Pangaea: Honeycomb and the many lessons that can be learned making it

Introduction

For the Pangaea launch party we wanted to make the SU Bar appear like it had been colonized by bees; for this I’d planned to purchase large rolls of honeycomb core, spray paint them yellow, then create glistening golden stalactites of resin to represent honey. Unfortunately we did not have the correct equipment to make the stalactites, and the honeycomb core wasn’t going to arrive in time. Here’s what I came up with as an alternative.

Problem solving

I spent an evening sifting through the inventory of the Pangaea studio, and found the following:

  • A lot of chicken wire left over from another project; this had a hexagonal structure and was easy to fold but didn’t look much like honeycomb.
  • A lot of yellow spraypaint; this was easy to apply, but would only form a thin coating on the chicken wire.
  • A lot of craft paper; this allowed light through, such that we could put ripple lights behind it.
  • Some hot glue guns, with both normal, and golden glitter hot glue.

I needed to define the shape of the chicken wire more, and make the surface appear more waxy, but I also needed a background for it to sit on to conceal the lighting, and for the glue to stick to.

My original construction method

My original method was less than perfect: I pinned a layer of craft paper to a table, then pinned a layer of chicken wire over it and removed the first set of pins from the paper. I then painstakingly went over every bit of wire with at least one layer of hot glue. This was then spray painted yellow, then had golden glitter hot glue laid into the cells along the “bottom”.

This had many advantages:

  • It looked roughly like a honeycomb
  • It was flexible and cuttable, but plastic, meaning it could be folded into the gill-like structures found in hives
  • The paper it was made from was fire retardant, meaning it didn’t need to be fireproofed (and all the problems that came with that!)

As proud as I was of it, my team and I couldn’t help noticing a few major problems:

  • It took HOURS to make a usable amount
  • It took hundreds of hot glue sticks to totally cover the material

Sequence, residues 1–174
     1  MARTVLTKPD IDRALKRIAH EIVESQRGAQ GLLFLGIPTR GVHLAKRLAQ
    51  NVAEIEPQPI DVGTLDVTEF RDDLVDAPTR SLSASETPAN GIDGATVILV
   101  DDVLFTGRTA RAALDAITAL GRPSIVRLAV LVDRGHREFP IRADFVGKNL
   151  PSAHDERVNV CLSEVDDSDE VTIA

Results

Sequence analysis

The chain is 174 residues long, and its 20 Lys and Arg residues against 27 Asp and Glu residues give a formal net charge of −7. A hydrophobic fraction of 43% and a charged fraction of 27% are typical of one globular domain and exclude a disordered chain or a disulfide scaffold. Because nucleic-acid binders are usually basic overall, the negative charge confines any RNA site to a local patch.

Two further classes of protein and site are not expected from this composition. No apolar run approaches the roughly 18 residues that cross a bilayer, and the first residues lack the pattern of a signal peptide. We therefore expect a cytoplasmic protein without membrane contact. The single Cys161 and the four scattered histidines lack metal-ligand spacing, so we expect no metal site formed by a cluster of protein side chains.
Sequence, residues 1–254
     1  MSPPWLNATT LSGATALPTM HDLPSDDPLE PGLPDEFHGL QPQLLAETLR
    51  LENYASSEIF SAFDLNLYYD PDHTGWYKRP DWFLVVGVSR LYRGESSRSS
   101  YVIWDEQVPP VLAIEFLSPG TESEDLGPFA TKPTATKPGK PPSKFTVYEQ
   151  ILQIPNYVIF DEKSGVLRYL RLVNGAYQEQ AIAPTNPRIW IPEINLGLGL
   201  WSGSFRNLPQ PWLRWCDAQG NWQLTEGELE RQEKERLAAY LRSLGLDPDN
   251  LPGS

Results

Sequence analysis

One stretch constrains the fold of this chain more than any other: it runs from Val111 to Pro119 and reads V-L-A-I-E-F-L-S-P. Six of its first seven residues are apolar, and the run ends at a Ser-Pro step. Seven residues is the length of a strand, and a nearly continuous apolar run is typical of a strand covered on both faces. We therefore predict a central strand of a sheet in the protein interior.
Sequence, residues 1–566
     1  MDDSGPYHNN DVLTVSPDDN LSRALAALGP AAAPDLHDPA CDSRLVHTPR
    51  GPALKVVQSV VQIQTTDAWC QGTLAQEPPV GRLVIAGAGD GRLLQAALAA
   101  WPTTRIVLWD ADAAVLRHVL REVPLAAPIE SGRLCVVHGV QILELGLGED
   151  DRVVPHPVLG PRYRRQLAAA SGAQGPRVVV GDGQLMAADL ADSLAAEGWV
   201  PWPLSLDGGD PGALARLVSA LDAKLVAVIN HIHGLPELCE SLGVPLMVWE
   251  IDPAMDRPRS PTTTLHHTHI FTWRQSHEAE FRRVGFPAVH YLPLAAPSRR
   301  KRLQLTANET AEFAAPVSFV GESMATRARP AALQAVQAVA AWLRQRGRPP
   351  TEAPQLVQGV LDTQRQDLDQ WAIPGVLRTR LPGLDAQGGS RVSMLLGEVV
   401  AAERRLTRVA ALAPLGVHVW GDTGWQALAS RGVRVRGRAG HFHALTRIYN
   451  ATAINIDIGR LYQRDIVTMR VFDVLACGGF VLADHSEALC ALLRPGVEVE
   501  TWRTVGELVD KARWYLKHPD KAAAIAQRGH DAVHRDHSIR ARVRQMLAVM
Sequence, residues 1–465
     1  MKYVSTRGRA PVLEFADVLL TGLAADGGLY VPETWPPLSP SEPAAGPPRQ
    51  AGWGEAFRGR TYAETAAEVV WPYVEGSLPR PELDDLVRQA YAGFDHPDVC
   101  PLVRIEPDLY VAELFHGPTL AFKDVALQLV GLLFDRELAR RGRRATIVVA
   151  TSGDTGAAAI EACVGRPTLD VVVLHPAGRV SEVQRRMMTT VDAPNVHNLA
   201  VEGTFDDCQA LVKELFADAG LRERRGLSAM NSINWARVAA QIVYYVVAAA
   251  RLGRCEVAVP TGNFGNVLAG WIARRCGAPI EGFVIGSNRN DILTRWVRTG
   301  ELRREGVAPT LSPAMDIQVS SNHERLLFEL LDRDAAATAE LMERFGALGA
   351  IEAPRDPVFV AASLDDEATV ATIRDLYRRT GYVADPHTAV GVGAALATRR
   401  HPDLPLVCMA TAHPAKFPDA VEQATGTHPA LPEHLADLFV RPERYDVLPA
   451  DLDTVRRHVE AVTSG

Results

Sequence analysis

• The material had no color depth, being a continuous uniform dark yellow

I filmed a short video of the material and me explaining it, posted it onto the group chat, and went home.

The power of teamwork

I came in the morning and found that the team had been mucking around with the design. They’d made several interesting developments:

  • To start they didn’t cover all of the chicken wire
  • What they did cover was covered thick in some places and thin in others
  • Instead of spray painting it they used acrylic paint and rolled it on lightly with a paint roller (such that only the upper surface of the glue was yellow)

After a bit of thinking about the various changes, we decided to cover all of the chicken wire, spray paint it, then use the paint roller with a much lighter shade of yellow than the spray paint. In the end we used up two 20 meter rolls of chicken wire. They were hung up around the bar, and from a distance did look quite realistic!

What can be learned learned

This event can be used as an anecdote for many important lessons:

  • If you’re ordering a specialized material (especially a custom material), order it early (however long it takes to arrive, give yourself twice that before you even begin needing it!)
  • If you need to find an alternative, look through EVERYTHING that you own
  • Be humble; if your design needs modifying and you can’t think of anything, open your mind to your teams suggestions
  • Think decisions through; maybe a later version isn’t necessarily a better version

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